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GEOTHERMAL ENERGY

GEOTHERMAL ENERGY

INTRODUCTION 

  • Geothermal energy is the heat that comes from the sub-surface of the earth. It is contained in the rocks and fluids beneath the earth’s crust and can be found as far down to the earth’s hot molten rock, magma.
  • Geothermal power is the electricity generated from the heat source within the earth’s crust.
  • This geothermal energy originates from the geological processes during formation of the planet, radioactive decay of minerals, and from solar energy absorbed at the surface.
  • Geothermal heat energy can be recovered and exploited for human use, and it is available anywhere on Earth’s surface.

People can capture geothermal energy through:

  • Geothermal power plants, which use heat from deep inside the Earth to generate steam to make electricity.
  • Geothermal heat pumps, which tap into heat close to the Earth’s surface to heat water or provide heat for buildings.

HOW IT WORKS

  1. Hot water is pumped from deep underground through a well under high pressure.
  2. When the water reaches the surface, the pressure is dropped, which causes the water to turn into steam.
  3. The steam spins a turbine, which is connected to a generator that produces electricity.
  4. The steam cools off in a cooling tower and condenses back to water.
  5. The cooled water is pumped back into the Earth to begin the process again.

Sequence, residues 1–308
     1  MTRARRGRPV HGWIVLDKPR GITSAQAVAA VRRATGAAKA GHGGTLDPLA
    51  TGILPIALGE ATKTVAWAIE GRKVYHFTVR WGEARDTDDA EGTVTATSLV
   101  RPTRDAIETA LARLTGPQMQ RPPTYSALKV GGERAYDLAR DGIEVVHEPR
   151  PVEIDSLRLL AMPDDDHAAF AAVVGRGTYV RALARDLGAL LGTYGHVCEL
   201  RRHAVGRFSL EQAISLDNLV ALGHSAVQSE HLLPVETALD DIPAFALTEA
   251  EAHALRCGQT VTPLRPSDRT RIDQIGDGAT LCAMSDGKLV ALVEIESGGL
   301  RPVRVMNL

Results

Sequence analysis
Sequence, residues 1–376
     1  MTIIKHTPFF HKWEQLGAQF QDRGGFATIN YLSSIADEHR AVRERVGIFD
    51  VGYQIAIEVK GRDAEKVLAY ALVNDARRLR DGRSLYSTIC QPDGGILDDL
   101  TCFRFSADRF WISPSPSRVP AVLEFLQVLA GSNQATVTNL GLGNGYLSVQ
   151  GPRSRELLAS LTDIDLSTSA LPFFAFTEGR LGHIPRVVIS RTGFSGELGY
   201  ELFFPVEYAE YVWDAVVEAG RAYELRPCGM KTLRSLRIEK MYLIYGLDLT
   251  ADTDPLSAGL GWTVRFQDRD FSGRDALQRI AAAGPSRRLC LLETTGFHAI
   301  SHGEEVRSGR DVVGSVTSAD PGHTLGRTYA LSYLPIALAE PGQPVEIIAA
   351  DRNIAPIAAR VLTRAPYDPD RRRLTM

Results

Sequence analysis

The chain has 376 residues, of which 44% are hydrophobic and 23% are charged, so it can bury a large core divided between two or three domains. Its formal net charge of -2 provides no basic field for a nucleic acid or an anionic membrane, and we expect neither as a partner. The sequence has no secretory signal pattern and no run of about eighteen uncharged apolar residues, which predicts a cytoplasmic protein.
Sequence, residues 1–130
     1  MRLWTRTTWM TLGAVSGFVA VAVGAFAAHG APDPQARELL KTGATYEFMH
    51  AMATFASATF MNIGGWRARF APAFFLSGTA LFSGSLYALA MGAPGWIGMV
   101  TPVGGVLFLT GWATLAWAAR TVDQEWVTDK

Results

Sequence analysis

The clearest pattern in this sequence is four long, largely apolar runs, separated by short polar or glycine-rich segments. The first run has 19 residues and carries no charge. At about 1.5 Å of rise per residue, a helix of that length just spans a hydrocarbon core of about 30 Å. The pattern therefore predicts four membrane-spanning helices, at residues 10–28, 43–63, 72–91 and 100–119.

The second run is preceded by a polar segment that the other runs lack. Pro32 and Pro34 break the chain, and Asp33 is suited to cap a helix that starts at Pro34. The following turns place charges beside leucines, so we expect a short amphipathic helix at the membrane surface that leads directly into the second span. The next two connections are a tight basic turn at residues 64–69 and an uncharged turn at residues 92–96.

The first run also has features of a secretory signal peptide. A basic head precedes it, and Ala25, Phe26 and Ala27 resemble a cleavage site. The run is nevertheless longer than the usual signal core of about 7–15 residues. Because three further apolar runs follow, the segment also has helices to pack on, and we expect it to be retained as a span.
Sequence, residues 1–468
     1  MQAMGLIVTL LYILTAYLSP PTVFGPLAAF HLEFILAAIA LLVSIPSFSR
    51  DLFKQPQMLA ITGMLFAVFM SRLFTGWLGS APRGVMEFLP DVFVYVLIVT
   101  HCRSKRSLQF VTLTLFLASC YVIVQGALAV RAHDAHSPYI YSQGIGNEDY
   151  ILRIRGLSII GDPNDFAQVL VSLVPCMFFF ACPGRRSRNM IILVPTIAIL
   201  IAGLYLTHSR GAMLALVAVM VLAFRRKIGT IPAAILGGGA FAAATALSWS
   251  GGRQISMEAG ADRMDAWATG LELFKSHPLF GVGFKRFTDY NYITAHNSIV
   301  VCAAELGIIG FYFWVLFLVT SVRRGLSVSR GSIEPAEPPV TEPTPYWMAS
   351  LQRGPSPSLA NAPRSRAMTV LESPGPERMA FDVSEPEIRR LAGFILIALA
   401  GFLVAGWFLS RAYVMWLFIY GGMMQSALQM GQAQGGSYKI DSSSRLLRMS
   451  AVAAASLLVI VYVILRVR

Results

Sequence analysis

GEOTHERMAL ENERGY IN INDIA

  • India’s first-ever Geothermal Field Development Project is to be established in Leh . The project would be undertaken by ONGC.
  • The project will be named as Geothermal Field Development Project which will going to established at Puga Village off Eastern Ladakh.
  • Puga has been identified as the hotspot of geothermal energy in the country (potential of more than 100 mw of geothermal energies.)

 India’s first-ever geothermal field development project

ONGC has planned this Geothermal Field Development Project in Ladakh in three phases

  • Phase 1:It involves drilling upto 500 metres depth and setting up of a pilot plant of up to 1 megawatt (MW) power capacity.
  • Phase 2: It involves deeper drilling to explore the potential of the thermal reservoir and setting up of a higher capacity demo plant and preparing a detailed project report.
  • Phase 3: This phase include set up of a commercial plant . The estimated power supply would be of 250 MW.

Environment & Biodiversity

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